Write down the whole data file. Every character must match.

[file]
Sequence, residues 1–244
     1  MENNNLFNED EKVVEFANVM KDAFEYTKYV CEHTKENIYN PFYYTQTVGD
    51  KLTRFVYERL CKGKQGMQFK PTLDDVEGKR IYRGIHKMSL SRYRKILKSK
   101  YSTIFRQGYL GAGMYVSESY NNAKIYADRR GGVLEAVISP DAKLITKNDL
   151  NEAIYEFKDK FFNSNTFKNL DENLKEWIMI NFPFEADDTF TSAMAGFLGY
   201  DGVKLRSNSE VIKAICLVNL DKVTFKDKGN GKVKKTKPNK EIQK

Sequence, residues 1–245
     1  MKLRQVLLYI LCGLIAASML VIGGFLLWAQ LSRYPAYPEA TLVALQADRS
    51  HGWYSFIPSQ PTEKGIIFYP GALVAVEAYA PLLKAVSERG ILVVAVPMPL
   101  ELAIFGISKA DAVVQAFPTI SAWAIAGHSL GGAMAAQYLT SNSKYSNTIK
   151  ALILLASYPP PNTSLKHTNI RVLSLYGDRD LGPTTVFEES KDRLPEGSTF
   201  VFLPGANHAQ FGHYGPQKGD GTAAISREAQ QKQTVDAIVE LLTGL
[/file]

Sequence, residues 1–244
     1  MENNNLFNED EKVVEFANVM KDAFEYTKYV CEHTKENIYN PFYYTQTVGD
    51  KLTRFVYERL CKGKQGMQFK PTLDDVEGKR IYRGIHKMSL SRYRKILKSK
   101  YSTIFRQGYL GAGMYVSESY NNAKIYADRR GGVLEAVISP DAKLITKNDL
   151  NEAIYEFKDK FFNSNTFKNL DENLKEWIMI NFPFEADDTF TSAMAGFLGY
   201  DGVKLRSNSE VIKAICLVNL DKVTFKDKGN GKVKKTKPNK EIQK

Sequence, residues 1–245
     1  MKLRQVLLYI LCGLIAASML VIGGFLLWAQ LSRYPAYPEA TLVALQADRS
    51  HGWYSFIPSQ PTEKGIIFYP GALVAVEAYA PLLKAVSERG ILVVAVPMPL
   101  ELAIFGISKA DAVVQAFPTI SAWAIAGHSL GGAMAAQYLT SNSKYSNTIK
   151  ALILLASYPP PNTSLKHTNI RVLSLYGDRD LGPTTVFEES KDRLPEGSTF
   201  VFLPGANHAQ FGHYGPQKGD GTAAISREAQ QKQTVDAIVE LLTGL